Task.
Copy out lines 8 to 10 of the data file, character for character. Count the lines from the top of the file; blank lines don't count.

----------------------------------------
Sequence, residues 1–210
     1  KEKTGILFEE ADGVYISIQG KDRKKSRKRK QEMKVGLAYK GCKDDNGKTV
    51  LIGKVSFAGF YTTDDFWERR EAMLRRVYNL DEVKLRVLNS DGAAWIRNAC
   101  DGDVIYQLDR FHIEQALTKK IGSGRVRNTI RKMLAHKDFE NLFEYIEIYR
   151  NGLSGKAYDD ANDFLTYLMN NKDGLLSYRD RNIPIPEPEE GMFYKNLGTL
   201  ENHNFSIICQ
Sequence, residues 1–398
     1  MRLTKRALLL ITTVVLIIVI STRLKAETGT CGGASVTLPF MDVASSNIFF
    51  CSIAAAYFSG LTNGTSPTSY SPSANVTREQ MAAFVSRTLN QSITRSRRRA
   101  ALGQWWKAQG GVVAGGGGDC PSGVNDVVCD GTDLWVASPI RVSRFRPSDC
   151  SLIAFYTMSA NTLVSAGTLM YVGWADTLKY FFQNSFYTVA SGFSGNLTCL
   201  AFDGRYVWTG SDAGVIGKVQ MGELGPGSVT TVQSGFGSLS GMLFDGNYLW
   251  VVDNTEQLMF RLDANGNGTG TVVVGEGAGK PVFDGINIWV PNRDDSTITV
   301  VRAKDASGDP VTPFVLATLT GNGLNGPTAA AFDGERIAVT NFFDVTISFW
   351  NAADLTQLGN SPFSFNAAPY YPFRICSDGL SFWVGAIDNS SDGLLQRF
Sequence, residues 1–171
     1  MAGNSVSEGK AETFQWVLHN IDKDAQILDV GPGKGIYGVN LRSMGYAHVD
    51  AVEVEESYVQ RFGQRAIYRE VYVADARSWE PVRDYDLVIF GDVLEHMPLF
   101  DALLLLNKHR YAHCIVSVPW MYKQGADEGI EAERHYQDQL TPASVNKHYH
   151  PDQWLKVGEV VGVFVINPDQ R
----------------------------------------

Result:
     1  MRLTKRALLL ITTVVLIIVI STRLKAETGT CGGASVTLPF MDVASSNIFF
    51  CSIAAAYFSG LTNGTSPTSY SPSANVTREQ MAAFVSRTLN QSITRSRRRA
   101  ALGQWWKAQG GVVAGGGGDC PSGVNDVVCD GTDLWVASPI RVSRFRPSDC